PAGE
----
BRI investment in Asia: nature of different approaches by subregion

BRI investment in Asia: Nature of the different subregions’ approaches


09 | 03 | 2023


Most countries try to balance their alliances between China and the US to minimize risks and maximize benefits

In the image

Simplified map of the ‘belts and roads’ that make up the Chinese initiative [United Nations]


The Belt and Road Initiative (BRI), sometimes referred to as the “New Silk Road” or the “One Belt, One Road” Initiative is a global investment and infrastructure development project led by China. Launched in 2013 by President Xi Jinping during a state visit to Kazakhstan, BRI aims to model the original Silk Road which connected mainland imperial China to ancient Europe through a network of land-based trade routes. The Silk Road was the first glimpse at primitive globalization, connecting eastern and western societies through commerce; stimulating cultural connectivity and promoting economic prosperity.

Xi Jinping's “New Silk Road” is projected to include a Maritime Silk Road, a Digital Silk Road, a Polar Silk Road and, to date, six economic corridors: the New Eurasian Land Bridge, China-Central Asia-West Asia Corridor, the China-Pakistan Economic Corridor, the Bangladesh-China-Myanmar Corridor, the  China-Mongolia-Russia Corridor, and the China-Indochina Peninsula Corridor. As of today, over 150 countries have signed Memorandums of Understanding with the Chinese government to join Belt and Road.

Officially, China aims to encourage economic cooperation and connectivity between Asia, Europe, Africa and Latin America. Its main objective is to enhance global trade linkages, upgrade already existing markets in underdeveloped regions, improve basic living standards and establish itself as the administrator of world supply chains. Unofficially, it is speculated that BRI also has a hidden political agenda. In 2017, Indian geostrategist Brahma Chellaney devised the “Debt Trap Diplomacy” concept which stated that China is fulfilling its political ambitions by granting massive loans to underdeveloped countries (disguised as BRI investment lending) and then leasing or acquiring their assets when they fail to repay the loan in full. As a result, some international analysts argue that China is using BRI as a “trojan horse” to expand its sphere of influence and cement itself as a hegemonic global power.

The problem with this conclusion lies in the fact that most countries hedge between the US and China. Hedging is the practice by which small and oftentimes underdeveloped states balance their alliances between two great powers to “minimize risks and maximize benefits.” It grants smaller states a “fail-safe” in case one of the two powers becomes unreliable. For this particular case, BRI investment trends throughout the Asian continent (composed of Southeast Asia, East Asia, Central Asia and South Asia) between 2013 and 2022 will be used to analyze the influence that hedging has on the development of Belt and Road over the short and long term.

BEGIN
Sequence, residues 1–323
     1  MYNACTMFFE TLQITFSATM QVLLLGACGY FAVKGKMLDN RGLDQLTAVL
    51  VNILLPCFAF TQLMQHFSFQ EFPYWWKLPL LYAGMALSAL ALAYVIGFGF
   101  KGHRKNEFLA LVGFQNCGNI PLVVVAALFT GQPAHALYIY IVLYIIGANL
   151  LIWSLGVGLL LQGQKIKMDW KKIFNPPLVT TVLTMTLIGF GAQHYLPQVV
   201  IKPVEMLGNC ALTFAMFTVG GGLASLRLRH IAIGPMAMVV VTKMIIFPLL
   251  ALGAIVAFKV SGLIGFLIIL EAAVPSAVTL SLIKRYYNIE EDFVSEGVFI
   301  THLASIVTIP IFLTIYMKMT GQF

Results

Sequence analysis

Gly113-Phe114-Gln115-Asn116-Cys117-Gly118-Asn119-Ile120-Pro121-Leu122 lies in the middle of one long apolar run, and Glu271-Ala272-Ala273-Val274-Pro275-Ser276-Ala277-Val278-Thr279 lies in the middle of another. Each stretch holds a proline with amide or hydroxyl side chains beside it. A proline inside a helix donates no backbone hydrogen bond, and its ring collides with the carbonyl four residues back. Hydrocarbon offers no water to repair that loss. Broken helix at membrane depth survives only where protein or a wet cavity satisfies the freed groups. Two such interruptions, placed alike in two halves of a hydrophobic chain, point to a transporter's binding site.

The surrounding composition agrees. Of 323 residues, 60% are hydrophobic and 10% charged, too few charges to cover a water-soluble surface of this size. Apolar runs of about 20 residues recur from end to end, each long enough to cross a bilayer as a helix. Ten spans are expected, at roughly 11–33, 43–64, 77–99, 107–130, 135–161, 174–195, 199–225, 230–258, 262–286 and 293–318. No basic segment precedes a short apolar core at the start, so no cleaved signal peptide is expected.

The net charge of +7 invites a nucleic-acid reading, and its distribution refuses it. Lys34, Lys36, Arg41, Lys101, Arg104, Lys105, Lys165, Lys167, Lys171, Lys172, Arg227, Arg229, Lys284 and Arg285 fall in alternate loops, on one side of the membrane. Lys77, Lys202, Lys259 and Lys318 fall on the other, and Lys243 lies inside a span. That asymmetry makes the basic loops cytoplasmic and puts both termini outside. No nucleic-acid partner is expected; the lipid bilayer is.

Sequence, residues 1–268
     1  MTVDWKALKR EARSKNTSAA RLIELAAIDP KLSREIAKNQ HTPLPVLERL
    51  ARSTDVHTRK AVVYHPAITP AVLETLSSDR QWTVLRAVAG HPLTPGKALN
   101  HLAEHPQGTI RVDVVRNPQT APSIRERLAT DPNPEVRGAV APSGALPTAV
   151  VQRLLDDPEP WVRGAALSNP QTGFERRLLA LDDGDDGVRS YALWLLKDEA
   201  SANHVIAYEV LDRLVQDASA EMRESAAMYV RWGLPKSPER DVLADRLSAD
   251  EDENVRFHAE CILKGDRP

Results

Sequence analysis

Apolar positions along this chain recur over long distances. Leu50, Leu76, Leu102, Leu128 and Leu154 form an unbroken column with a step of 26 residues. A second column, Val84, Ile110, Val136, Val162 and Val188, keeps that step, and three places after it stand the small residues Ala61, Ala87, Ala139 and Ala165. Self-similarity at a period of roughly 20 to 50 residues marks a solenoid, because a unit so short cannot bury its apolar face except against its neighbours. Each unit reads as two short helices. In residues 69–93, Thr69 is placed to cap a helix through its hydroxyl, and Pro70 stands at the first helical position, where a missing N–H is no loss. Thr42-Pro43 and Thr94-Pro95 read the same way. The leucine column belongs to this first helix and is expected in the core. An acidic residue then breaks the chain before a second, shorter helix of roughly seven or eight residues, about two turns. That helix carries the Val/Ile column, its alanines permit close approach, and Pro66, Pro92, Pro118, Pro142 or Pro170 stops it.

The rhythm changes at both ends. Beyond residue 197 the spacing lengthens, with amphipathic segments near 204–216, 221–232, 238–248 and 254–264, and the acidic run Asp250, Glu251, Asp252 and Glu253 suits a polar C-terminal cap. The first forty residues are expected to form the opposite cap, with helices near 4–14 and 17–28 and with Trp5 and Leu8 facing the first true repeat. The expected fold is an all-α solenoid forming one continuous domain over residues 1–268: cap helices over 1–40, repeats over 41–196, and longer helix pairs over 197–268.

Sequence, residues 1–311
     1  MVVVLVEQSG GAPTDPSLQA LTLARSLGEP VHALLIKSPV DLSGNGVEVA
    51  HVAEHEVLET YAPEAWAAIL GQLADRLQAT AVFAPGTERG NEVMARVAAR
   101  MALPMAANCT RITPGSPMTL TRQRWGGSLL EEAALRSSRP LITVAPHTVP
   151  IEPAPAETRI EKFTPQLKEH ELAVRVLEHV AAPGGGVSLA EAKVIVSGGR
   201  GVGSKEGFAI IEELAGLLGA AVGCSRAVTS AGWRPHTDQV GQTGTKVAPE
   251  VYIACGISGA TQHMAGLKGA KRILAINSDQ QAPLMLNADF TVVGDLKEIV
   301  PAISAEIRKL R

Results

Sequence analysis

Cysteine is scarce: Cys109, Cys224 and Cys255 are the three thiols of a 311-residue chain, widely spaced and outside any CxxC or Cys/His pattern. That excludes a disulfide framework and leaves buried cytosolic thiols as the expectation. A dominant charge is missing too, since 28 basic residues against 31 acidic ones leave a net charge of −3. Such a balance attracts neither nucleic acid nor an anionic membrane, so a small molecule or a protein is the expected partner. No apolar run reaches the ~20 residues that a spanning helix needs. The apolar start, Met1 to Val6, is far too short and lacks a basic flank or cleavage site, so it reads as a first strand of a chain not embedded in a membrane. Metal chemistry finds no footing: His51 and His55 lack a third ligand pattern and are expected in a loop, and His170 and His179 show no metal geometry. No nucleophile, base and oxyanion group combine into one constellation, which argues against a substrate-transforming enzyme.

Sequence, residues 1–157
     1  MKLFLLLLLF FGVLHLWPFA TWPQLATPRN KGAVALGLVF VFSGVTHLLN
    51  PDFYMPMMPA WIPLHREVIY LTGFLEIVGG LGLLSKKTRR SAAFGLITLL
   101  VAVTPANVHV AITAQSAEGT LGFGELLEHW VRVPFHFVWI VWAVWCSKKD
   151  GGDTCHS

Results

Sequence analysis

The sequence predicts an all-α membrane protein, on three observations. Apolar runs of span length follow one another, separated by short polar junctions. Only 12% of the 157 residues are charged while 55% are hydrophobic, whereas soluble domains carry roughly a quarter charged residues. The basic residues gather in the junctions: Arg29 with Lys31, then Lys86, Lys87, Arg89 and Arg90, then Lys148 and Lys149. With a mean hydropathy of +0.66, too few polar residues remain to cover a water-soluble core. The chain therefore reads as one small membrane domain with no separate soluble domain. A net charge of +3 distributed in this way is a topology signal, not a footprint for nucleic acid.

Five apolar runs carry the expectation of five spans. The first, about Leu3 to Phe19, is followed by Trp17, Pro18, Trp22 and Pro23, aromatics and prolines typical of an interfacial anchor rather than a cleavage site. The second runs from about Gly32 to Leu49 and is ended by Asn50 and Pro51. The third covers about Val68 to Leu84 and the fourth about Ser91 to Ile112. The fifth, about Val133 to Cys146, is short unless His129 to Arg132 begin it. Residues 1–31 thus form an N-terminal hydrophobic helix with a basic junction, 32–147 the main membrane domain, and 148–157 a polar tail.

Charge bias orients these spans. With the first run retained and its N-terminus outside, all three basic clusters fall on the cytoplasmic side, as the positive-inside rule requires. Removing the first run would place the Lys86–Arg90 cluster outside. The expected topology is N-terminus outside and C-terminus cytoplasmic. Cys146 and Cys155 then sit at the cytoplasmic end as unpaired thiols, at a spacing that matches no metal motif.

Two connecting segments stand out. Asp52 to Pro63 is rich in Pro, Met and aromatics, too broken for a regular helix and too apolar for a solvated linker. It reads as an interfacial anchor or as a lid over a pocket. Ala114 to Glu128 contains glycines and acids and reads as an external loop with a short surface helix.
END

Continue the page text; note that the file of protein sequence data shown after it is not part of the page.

The objective of this paper is to analyze whether the Belt and Road Initiative is a way for China to achieve a larger political objective. And if so, what is it that it is trying to achieve? What challenges does hedging pose to the said objective? And why is it pushing such an agenda forward? This paper seeks to examine these questions through case studies of subregions within the Asian continent.

Largest investment: Southeast Asia

China is located in a strategic geographic position at the center of the Asian continent. It's reasonable to assume that it would prioritize engagement in a region that is geographically closer and culturally linked to it before venturing outwards. This is evidenced by the fact that in its totality the Asian continent witnessed the highest amounts of investment lending and infrastructure development of the entire project since 2013 (with a notable exception in 2016-2018 and 2022, which witnessed higher amounts of engagement in the Middle East).

Southeast Asia is composed of Myanmar, Thailand, Laos, Vietnam, Cambodia, Malaysia, Brunei, Indonesia, Singapore and the Philippines. Mainland China shares an indisputable cultural connection to Southeast Asia as a result of massive migration movements towards Cambodia, Thailand, Malaysia, Indonesia and Singapore throughout the 19th and 20th centuries. Such collective consciousness between the Chinese and Southeast Asians opens the floor for safe and predictable investment trends which is highly attractive to Chinese companies willing to contribute to the expansion of BRI while still remaining risk averse. It becomes clear that Southeast Asia will become a focal point for investment and infrastructure development given that it provides both the Chinese government and private investors with safer and more reliable supply chains than do other regions struck by poverty and instability such as Africa and Latin America. At the same time, the geographic location of Southeast Asia both right at China's backyard and at the shores of the South China Sea makes the region incredibly appealing to private investors looking for easily controlled supply chains and access to China's most important trade route.